4 tbsp unsalted butter, cut into small pieces
4 oz semi-sweet baking chocolate, rough chopped
1/2 oz unsweetened baking chocolate, rough chopped
1/3 cup milk chocolate chips
1/4 cup honey
1/3 cup blanched almond flour
3 tbsp coconut flour + enough to flour baking pan
1/4 tsp salt
1/4 tsp baking powder
1 tsp vanilla
1/4 cup firmly packed brown sugar
1 egg
1/3 cup walnut pieces

Instructions
Preheat oven to 350º. Grease and flour 8 x 8 inch baking pan.

Place butter, chocolate, and honey in sauce pan.  Heat over low until melted, stirring frequently. Remove from heat and cool for 3 or 4 minutes.  

While chocolate is melting, whisk together almond flour, 3 tbsp coconut flour, salt, and baking powder in a bowl.  

Once chocolate mixture has cooled slightly, add vanilla, brown sugar, and egg to it and mix well. Add chocolate mixture to bowl with flour mixture and combine. Stir in walnut pieces.  

Pour batter into prepared 8 x 8 pan. Bake in 350° oven for 18 – 22 minutes. Cool on rack for 15 minutes. Slice and serve.

It’s always comforting to have a gluten-free dish prepared by someone you trust, and food really does taste better when it’s prepared with love.

Wishing you a Happy Valentine’s Day filled with love and chocolate!

https://nuts.com/nuts/almonds/flour.html
https://nuts.com/cookingbaking/flours/coconut-gluten-free.html
https://search.kingarthurflour.com/search?w=almond%20flour&af=type:products
https://search.kingarthurflour.com/search?p=Q&view=grid&deftab=products&w=coconut+flour

Disclosure of Material Connection: I have not received any compensation for writing this post. I have no material connection to the brands, products, or services that I have mentioned. I am disclosing this in accordance with the Federal Trade Commission’s 16 CFR, Part 255: “Guides Concerning the Use of Endorsements and Testimonials in Advertising.”

My Grandmother’s Kitchen

I’ve been thinking about my grandmother’s kitchen. My first grandchild is 10 weeks old. He spent the afternoon with me yesterday. For the first time, he didn’t want me to put him down. Other than during a few minutes of tummy time and a walk in the stroller, he fussed every minute he wasn’t asleep unless I carried him around.

I remember being able to do most household tasks with a baby in hand, but it’s been a long time since I used that skill. Nonetheless, we managed to water the plants, fix his bottles, and take clothes out of the dryer without benefit of a baby carrier. I didn’t attempt cooking. We´ll save that for later.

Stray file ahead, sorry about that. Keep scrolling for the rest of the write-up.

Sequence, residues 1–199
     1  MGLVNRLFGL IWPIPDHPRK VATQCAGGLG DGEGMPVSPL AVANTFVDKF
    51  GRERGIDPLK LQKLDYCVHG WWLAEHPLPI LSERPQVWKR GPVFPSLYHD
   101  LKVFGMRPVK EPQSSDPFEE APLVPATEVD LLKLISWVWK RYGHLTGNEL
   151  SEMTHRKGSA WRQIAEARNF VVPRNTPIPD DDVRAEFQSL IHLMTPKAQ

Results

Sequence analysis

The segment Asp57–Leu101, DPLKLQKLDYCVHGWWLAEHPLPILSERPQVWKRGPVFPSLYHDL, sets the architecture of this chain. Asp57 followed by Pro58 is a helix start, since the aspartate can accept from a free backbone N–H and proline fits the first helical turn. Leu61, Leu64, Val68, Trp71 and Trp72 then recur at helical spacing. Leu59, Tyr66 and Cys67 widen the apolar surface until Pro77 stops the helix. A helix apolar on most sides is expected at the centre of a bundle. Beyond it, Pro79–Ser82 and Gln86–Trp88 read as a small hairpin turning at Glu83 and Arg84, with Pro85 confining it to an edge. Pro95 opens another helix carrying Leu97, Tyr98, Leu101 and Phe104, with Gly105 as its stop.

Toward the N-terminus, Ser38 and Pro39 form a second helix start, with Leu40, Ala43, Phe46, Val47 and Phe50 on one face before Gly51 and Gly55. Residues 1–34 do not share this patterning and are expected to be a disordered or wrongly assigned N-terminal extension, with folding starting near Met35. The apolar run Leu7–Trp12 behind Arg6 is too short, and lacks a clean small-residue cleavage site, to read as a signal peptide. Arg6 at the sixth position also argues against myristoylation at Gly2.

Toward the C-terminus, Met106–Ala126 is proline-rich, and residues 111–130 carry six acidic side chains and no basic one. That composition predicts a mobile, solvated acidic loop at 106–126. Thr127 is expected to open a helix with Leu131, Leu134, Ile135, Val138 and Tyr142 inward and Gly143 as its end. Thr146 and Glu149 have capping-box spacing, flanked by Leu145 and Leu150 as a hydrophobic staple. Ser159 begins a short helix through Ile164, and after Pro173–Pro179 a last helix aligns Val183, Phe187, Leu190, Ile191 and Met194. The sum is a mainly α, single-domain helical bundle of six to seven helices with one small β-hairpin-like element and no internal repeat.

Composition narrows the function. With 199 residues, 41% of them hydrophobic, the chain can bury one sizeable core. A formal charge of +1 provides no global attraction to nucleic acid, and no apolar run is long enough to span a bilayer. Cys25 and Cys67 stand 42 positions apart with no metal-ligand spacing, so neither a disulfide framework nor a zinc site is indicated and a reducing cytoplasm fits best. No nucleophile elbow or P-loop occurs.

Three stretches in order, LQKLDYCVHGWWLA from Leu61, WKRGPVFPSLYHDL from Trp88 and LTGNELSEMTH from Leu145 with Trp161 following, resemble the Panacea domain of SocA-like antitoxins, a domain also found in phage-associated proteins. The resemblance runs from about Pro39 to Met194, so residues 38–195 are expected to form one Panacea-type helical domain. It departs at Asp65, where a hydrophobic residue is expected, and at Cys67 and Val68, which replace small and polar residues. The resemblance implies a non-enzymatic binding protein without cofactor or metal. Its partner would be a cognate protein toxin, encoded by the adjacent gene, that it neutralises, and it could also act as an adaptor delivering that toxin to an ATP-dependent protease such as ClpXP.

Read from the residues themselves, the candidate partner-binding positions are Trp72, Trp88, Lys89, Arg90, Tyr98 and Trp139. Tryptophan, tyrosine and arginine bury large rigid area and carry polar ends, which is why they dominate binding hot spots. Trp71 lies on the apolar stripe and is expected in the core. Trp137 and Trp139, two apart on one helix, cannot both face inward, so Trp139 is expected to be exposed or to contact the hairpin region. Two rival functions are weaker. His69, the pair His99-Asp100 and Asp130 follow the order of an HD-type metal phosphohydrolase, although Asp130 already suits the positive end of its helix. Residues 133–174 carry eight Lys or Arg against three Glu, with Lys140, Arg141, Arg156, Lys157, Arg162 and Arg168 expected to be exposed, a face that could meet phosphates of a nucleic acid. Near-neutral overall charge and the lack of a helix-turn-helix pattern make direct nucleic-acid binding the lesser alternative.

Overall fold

recipe boxMy grandmother never seemed to miss a beat whether or not we were around. She made play dough for us using flour, water, salt, and food coloring and let us use her cookie cutters to cut it into shapes at the kitchen table. If we behaved, she’d offer us an oatmeal cookie or ginger snap from her ever full cookie jar. (Speaking of, we always behaved because when she stomped her foot in irritation, we knew she meant business and stopped all shenanigans immediately.) She made lunch and dinner with us underfoot sending us to the refrigerator to fetch whatever she needed.

When I was 8 or 9, GranGran started teaching me how to cook. I was already reading recipes and baking at home, but my grandmother rarely used recipes. Or at least, she rarely pulled a recipe card out of the box. She may have had them all memorized. Her beef and noodles always tasted the same whether she used a recipe or not.

I loved being in my grandmother´s kitchen and I love reminders of it today. I recently went through the recipes in my mother’s kitchen and found recipe cards in my grandmother´s handwriting. On these cards, there’s no list of ingredients at the top. Instead, they appear as you add them to the mix. It’s like each recipe was dictated by the cook who was making the dish and someone wrote it down. I find this charming.

The recipes are much like my grandmother — simple, to the point, and easy to understand. Here´s one I found:

Porcupine Meatballs (Serves 4)

Mix 1/4 cup Campbell’s tomato soup with 1 lb. ground beef, 1/4 cup uncooked rice, 1 egg (slightly beaten), 1/4 cup minced onion, 2 tbsp minced parsley, 1 tsp salt.

Shape into balls about 1 1/2″ in diameter. Brown in 2 tbsp shortening with one small minced clove garlic in large skillet.

Blend in rest of can of soup and 1 cup water.

Simmer about 40 minutes or until rice is tender stirring now and then.

Now, I can´t vouch for the results of this recipe. I haven’t had a chance to try it yet. That pipsqueak of a grandson of mine thinks I should hold him instead.

Perhaps you could try it for me and let me know what you think!